nant topic remains the same: the genesis of light, of water, of 
the earth. Also the drawings, accompanying the now mature 
sculptural work, have to be seen in the same context. They 
form a relaxing compensation for the lengthy and also physi- 
cally strenuous efforts when creating the large statues. 
A journey to Greece in 1981 introduces — through the startling 
impression of landscapes, temples and changing intensity of 
light — a new phase of productivity: the antique world is turned 
into a sensuous experience to be translated into innovating 
forms. At the same time Malin returns to the theme of life's 
cycle. He gives it physical expression in the bud, the flower and 
the fruit. Still, these never appear as mere stylized pieces of 
mimicry, they rather impress by their symbolic vigour and orig- 
inality. But from piece to piece there are only minor variations; 
much more importance is attached to the nuances. And even if 
Malin's few, but nevertheless expressive nudes and portraits 
realized in the eighties bear more resemblance to nature, they 
still attract one's attention by their unusual intensity. The tech- 
nical competence and know-how as well as the depth of plastic 
perception allow Malin from now on to create some works in 
stone. They vary greatly, which leaves the impression that the 
artist experiments with different possibilities of sculptural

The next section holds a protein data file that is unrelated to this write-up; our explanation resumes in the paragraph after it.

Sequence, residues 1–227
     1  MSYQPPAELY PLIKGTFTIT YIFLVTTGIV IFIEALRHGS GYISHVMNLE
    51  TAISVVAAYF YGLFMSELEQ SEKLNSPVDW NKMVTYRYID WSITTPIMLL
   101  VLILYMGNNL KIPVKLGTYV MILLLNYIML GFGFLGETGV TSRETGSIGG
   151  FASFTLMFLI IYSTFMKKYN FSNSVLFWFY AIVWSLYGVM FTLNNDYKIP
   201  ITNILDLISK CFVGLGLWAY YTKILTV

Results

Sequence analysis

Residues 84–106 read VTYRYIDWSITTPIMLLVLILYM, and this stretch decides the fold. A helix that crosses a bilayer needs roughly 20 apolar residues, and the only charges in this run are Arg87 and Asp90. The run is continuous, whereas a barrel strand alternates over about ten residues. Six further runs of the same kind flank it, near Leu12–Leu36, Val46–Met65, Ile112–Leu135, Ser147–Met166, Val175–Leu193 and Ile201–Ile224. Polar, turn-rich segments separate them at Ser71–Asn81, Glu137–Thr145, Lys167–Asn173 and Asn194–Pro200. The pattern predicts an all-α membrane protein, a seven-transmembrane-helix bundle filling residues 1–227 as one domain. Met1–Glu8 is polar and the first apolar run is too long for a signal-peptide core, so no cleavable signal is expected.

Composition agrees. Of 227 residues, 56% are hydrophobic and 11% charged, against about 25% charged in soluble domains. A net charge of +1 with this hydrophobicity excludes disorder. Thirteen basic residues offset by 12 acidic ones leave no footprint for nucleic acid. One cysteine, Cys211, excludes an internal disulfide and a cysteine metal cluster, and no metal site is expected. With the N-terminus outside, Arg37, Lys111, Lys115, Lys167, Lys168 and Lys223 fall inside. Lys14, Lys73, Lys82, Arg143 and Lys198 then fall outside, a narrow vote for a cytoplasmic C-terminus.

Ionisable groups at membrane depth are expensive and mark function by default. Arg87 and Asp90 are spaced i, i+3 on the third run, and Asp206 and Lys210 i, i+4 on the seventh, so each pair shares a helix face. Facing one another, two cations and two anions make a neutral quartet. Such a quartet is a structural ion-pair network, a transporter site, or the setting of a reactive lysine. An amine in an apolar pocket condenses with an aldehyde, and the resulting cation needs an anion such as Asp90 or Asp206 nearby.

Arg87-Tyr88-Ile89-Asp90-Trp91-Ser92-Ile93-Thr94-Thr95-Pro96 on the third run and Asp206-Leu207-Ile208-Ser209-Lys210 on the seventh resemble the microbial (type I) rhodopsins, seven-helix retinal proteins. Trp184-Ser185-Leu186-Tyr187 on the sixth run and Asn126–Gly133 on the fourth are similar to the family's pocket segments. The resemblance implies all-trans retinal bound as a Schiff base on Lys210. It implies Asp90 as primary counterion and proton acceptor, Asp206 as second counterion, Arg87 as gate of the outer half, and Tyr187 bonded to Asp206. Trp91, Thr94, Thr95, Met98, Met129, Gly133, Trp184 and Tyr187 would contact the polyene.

shapes. The smaller bronze statues ofthis period show atend- 
ency that characterizes also Malin's sacral art: a predilection for 
geometrical forms such as squares, rectangles, pyramids and 
circular segments — all forms which point to numbers being the 
basic key to a possible explanation of the universe. 
Particularly the cube and the treatment of its faces — five of 
them are detached from the ground — has been fascinating 
Malin for the last two years. It is a new intellectual challenge that 
makes the sculptor continue his artistic studies. He now uses 
his father’s stucco spatula on plaster blocks, he moulds the 
material by hand, draws, cuts, scratches and scrapes, all in 
order to reveal further visual and spiritual qualities of the cube. 
Its discovery and transformation into a harmonious shape 
gives Georg Malin the possibility of dealing with matter, and 
both the forces and the laws of the world in a creative way. 
Barbara Malin 
185 
  
 
        

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